History : Nov-Dec 2016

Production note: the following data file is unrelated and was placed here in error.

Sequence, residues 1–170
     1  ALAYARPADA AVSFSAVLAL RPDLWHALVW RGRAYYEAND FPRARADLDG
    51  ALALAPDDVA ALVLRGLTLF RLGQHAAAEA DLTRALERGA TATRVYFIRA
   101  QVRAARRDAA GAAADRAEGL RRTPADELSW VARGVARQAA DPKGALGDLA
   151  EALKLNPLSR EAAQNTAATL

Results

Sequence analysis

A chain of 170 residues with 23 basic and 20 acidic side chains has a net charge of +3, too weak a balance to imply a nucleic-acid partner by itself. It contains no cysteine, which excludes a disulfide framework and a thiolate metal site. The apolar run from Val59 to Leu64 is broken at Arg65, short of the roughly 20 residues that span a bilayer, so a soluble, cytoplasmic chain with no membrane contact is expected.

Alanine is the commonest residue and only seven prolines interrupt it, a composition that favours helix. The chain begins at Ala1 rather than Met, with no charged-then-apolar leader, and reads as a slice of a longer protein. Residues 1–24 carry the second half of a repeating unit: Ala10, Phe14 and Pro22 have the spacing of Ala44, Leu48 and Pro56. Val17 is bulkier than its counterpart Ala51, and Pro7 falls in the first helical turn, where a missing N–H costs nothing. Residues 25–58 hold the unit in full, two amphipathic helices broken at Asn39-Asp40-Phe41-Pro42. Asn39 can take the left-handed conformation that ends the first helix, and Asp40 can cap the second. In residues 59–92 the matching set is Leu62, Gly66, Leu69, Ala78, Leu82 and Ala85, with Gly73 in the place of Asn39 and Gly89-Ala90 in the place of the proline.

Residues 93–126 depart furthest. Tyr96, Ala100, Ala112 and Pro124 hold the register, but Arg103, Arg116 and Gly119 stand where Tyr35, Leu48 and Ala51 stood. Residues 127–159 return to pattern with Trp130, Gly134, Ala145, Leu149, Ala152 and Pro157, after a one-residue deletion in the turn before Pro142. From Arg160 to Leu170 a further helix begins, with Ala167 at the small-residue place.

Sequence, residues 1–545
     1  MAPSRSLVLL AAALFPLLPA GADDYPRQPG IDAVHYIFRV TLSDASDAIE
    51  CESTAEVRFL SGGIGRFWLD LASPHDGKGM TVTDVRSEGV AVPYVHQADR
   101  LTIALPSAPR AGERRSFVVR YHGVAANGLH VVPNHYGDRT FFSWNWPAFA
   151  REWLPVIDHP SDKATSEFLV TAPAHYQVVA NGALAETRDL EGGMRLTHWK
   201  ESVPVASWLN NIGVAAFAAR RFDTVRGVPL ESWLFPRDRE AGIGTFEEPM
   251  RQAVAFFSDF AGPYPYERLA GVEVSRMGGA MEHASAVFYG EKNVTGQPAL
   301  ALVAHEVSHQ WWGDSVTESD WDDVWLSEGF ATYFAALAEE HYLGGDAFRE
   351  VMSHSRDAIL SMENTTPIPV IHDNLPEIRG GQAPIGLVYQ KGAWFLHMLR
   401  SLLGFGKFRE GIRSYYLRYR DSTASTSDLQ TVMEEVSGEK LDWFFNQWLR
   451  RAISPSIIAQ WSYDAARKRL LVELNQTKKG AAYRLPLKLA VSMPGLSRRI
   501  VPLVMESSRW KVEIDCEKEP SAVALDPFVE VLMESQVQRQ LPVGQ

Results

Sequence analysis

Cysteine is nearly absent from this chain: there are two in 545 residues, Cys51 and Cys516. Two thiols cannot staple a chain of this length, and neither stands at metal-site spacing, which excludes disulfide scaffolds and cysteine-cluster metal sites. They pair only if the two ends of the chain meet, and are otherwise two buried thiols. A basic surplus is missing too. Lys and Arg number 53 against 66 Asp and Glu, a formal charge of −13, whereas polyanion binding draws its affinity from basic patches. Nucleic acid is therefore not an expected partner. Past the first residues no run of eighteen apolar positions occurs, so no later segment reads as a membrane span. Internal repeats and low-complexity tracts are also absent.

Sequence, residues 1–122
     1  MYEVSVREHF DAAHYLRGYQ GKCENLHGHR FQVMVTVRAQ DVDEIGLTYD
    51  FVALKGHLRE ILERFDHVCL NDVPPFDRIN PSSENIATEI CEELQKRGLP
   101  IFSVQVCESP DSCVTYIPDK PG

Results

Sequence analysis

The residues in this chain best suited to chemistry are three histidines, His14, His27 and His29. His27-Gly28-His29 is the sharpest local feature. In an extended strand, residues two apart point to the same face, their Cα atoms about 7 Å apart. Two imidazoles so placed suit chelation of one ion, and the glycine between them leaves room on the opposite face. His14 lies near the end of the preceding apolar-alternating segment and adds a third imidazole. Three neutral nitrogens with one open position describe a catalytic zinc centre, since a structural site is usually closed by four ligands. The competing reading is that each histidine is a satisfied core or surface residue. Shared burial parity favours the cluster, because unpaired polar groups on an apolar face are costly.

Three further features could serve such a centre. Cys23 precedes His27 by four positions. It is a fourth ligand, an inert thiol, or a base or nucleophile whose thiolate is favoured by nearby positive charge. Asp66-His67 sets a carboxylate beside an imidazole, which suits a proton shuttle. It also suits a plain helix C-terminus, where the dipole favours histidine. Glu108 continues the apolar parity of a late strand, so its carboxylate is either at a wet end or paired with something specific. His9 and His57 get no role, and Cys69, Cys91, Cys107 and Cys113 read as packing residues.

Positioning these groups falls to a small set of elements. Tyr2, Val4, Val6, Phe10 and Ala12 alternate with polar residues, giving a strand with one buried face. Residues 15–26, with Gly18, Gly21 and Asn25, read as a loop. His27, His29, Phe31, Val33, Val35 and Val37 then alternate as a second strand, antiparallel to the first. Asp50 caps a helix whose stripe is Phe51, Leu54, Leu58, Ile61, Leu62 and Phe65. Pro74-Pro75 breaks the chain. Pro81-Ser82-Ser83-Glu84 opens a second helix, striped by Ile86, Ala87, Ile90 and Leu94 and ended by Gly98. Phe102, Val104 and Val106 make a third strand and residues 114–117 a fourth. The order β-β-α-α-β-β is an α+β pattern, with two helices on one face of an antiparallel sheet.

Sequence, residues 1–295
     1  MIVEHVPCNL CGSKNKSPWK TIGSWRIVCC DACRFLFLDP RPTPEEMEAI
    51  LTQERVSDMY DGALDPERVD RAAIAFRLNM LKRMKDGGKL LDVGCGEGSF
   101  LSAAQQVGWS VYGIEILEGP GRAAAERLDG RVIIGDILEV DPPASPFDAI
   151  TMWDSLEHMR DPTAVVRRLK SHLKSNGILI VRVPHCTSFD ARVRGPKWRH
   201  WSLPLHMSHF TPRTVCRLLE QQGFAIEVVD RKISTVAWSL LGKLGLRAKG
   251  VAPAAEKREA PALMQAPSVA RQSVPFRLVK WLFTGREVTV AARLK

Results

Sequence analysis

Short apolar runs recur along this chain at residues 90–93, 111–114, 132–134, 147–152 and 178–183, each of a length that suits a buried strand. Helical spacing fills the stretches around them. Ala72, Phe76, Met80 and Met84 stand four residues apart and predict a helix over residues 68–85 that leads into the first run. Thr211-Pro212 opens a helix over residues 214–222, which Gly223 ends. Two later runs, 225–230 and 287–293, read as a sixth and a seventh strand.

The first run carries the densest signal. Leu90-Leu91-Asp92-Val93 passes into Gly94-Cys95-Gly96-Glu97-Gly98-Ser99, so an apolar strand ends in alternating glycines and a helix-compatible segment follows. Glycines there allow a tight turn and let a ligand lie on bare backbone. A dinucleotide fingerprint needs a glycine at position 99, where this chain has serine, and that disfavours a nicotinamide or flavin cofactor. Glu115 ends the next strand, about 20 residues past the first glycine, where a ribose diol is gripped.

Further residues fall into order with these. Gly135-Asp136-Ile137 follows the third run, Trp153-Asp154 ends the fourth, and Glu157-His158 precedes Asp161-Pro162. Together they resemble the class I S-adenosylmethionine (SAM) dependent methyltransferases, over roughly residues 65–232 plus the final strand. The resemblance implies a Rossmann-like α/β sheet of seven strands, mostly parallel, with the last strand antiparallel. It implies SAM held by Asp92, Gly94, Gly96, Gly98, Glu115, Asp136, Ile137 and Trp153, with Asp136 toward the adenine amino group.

62 HISTORY NATIONAL GEOGRAPHIC FROM SOURCE TO CITY Roman aqueducts were an engineering marvel, designed to circumvent any number of natural challenges—from hills and valleys to purification and storage. Roman engineers used gravity to power the water’s flow on its journey. The water traveled down along a gentle, uniform slope moving through hills in underground tunnels and over valleys via soaring arches. Pools to decant impurities and water distribution tanks were built along the route. Without the aqueduct, Rome could not have grown to one million people. Local rivers, wells, and springs would have become polluted or exhausted in such a large city. An aqueduct’s underground channel. This cross section shows the vaulted construction and the coating of the cavity up to the water’s normal level with opus signinum, a mixture of lime mortar, sand, and silica. Trap system. The water flowed from a cistern into a U-shaped pipe. The pressure from the water backed up behind could push it up to a slightly lower point on the other side of the valley. The arches reduced the slope that had to be negotiated. The lead pipes were buried some three feet deep into the hillside. WATER SOURCES The ideal source produced clean water, free of vegetation and silt. In order for the water to be conveyed to a population center, the source had to be located on higher ground. POOLS In the aqueduct’s initial stretch, the water went through a decanting tank. This slowed the flow, so that silt and other impurities in the water would settle at the bottom. MULTISTORY ARCHES One option for crossing a river was to build an arched bridge, usually with two tiers of arches. The channel, or specus, flowed along the top and was usually covered. CASTELLUM AQUAE When the water reached the city, it was collected in a tank, the castellum aquae. Often exquisitely decorated, this tank fed different channels that distributed water through the city. DIAGRAMS: SANTI PÉREZ CHANNELS AND SHAFTS The underground channels were built using shafts (putei) placed at regular intervals. On completion of the channels, they were used as access points for maintenance.